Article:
Like us, some dogs seem to be irresistibly drawn to chocolate. If Fido finds a stray candy bar or noses his way into the chocolate chips in the pantry, he can’t seem to help consuming as much of that chocolaty goodness as possible. However, unlike our chocolate binges, which might result in a guilt trip or a renewed dieting plan, a dog’s chocolate binges can end up in the pet ER.
Dog Proofing and Protection
We can do a lot to keep our pets from consuming chocolate. Dog-proof your kitchen by storing chocolate chips and other ingredients in sealed containers and keeping them on high shelves. Practice extra-awareness when you have chocolate treats out on the counters and tables. Something as simple as placing the brownies at the center of the table instead of on the edge can make a difference. Store the chocolate cake or other chocolate goods in the refrigerator instead of on the counter where they could be more accessible. Remind visitors that your pet should not have chocolate, especially if your pet has a penchant for begging for food from unsuspecting guests. In the end, the best insurance is to have someone around who can check on your dog. If you are at home throughout the day, you can be aware of what your pet is getting into. If you are not able to supervise your pet regularly, make sure he doesn’t have free reign in an area where chocolate (or other hazards) are readily available. Finally, if you have a pet sitter who visits during the day, show them around your house so they can also be aware of where the hazards are. If they find Fido in the kitchen looking guilty, they’ll be able to pinpoint the problem faster if they know what was in the ransacked cupboard.
Remember that chocolate abounds around the holidays, and these days, chocolate-celebrated holidays come around just about every month. From Halloween to New Years there seems to be chocolate everywhere. Easter is also a hot time for chocolate consumption, for humans and animals alike, since there’s a higher likelihood of your pet coming across a candy egg in the neighborhood. Do your best to pinpoint chocolate and put it out of the reach of your pets. This could mean some present sniffing and shaking for any packages you receive from friends and family. If something could be food, its best to put it high up and out of reach. If you have small children with Halloween stashes, for their sake and your dog’s, ask your kiddos to put their candy out of Fido’s reach. No one wants a kid with a pillaged Halloween stash and a dog with a serious chocolate and candy wrapper condition.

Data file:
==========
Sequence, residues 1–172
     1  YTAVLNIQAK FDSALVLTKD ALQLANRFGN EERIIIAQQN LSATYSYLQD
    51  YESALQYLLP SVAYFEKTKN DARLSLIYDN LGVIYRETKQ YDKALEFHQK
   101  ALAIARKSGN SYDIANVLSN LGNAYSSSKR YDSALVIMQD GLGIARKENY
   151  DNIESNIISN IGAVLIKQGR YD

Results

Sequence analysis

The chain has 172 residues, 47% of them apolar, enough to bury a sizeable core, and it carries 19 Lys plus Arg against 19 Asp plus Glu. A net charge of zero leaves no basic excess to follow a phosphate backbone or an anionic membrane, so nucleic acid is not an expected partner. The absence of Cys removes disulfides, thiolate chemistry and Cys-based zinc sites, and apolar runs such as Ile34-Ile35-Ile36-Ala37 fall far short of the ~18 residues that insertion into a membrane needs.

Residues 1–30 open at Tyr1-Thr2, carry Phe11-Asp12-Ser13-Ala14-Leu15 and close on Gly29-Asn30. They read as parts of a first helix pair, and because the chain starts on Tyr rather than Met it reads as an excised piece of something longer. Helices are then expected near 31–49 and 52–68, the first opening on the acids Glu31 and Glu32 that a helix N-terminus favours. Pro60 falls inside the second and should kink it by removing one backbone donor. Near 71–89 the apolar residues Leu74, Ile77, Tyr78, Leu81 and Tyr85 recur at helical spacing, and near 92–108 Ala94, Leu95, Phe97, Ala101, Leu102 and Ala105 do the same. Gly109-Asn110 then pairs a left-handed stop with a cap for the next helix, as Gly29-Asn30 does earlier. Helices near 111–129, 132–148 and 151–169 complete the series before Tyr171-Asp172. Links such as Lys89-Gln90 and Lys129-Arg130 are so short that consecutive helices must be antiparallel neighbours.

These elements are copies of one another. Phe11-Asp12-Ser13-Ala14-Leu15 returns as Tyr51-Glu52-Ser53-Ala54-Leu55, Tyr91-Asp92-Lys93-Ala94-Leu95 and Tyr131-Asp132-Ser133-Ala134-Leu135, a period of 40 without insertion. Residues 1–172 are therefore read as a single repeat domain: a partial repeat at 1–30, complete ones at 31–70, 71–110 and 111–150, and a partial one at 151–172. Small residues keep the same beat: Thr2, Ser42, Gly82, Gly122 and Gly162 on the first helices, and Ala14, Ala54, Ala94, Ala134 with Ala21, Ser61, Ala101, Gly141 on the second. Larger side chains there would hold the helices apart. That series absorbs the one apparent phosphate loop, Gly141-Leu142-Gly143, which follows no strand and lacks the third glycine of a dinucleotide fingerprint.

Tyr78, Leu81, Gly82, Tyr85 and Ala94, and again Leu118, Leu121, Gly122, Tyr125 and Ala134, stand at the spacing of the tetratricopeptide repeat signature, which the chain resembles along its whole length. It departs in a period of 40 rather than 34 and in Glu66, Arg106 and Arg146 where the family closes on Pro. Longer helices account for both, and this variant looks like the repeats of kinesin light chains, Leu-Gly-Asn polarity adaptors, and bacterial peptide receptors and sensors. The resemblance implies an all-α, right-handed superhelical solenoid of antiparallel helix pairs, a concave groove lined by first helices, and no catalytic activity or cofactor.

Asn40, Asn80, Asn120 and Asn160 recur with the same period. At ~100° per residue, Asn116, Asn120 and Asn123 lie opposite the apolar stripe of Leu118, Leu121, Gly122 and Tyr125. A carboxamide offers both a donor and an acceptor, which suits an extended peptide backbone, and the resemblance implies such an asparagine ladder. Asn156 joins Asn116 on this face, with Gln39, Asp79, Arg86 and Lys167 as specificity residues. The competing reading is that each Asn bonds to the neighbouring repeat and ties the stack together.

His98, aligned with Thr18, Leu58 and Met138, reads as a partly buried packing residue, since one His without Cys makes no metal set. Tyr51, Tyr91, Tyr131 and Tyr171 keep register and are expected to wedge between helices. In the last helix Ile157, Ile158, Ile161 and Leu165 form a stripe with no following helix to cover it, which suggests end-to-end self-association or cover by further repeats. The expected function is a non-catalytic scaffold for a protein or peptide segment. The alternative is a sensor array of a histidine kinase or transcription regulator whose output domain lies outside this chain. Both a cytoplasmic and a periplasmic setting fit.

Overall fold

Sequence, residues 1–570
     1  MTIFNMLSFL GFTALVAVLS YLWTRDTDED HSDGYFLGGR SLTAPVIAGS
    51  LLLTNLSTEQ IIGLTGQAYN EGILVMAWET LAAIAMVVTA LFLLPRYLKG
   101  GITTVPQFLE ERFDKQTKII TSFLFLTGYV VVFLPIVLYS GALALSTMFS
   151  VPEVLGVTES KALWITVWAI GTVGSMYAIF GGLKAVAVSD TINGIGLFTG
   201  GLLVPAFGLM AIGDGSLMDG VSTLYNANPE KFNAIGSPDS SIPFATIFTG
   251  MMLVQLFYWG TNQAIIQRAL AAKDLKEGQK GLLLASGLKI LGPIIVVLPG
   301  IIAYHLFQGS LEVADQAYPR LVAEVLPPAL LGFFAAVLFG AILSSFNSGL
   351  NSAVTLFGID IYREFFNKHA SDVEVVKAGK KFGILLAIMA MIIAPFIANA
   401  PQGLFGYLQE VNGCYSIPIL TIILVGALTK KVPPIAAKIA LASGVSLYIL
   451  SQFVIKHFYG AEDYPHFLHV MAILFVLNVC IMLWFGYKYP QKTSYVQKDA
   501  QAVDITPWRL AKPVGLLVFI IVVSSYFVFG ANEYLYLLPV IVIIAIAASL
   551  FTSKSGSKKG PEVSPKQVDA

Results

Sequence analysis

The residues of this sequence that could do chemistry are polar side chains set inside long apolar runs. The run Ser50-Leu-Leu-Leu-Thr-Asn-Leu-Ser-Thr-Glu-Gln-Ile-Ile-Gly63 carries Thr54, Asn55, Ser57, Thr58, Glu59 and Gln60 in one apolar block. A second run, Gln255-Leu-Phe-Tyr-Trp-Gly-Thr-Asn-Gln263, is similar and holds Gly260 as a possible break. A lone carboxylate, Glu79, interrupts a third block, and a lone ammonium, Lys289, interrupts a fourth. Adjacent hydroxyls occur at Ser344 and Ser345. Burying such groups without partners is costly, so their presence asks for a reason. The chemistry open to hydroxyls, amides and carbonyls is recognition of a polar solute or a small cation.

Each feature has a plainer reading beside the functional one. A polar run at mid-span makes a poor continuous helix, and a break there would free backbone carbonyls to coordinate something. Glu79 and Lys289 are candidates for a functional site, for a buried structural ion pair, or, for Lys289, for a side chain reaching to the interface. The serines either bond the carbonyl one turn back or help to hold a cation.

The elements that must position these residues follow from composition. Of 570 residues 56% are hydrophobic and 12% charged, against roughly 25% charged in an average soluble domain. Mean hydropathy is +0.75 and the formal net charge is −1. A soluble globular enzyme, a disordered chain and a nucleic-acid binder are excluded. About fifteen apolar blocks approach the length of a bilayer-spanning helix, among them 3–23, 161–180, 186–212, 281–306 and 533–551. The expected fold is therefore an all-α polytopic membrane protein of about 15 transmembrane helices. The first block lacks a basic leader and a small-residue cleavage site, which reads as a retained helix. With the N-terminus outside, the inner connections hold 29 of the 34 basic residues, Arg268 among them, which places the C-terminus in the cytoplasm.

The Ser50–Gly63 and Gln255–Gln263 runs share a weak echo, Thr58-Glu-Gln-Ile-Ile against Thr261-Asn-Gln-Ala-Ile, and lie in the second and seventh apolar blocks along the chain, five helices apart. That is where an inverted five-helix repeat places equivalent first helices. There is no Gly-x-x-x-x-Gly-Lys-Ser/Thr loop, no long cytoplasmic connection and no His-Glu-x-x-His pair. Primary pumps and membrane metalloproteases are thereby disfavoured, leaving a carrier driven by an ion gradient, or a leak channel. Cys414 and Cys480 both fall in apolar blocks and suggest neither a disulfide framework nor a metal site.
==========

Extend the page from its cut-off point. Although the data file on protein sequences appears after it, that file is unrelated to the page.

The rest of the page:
Sources of Chocolate
As mentioned above, your house will probably see an influx of chocolate around the holidays. Sweets like chocolate bunnies or chocolate hearts pose one type of threat since they also come in plastic, cardboard, or foil packages, all of which your dog might ingest. Halloween candy can also fit under this category. Another common source of chocolate is baking and food ingredients: chocolate chips, baking chocolate (normally sold in large blocks), cocoa powder, chocolate liqueur, etc. Finally, an unusual source of chocolate or chocolate products is cocoa shell-based mulches in landscaping. This type of mulch may be popular in your area (after all, who doesn’t want a yard that smells like chocolate?), so be prepared for the possibility of encountering it on your walks. While your dog probably won’t be too inclined to eat mulch, it’s best to be aware. If you are doing landscaping of your own, you may find pet-friendly cocoa bean shell mulch in your store. Most likely this mulch has been treated to remove or neutralize the chemical theobromine, which is the caffeine-like chemical in chocolate that is harmful to your dog. Or you could always opt for a non-cocoa bean mulch.
While you hope that it will never happen, it’s always best to plan for the worst. Despite all your best efforts, sometimes your pet will still find his way to an alluring piece of chocolate. If this happens, it is always best to plan ahead and have all the information you need to get your pet set with timely an appropriate treatment. Read the next post “My Dog Ate Chocolate. Now What Do I Do?” to learn more about how to respond in a chocolate poisoning situation.
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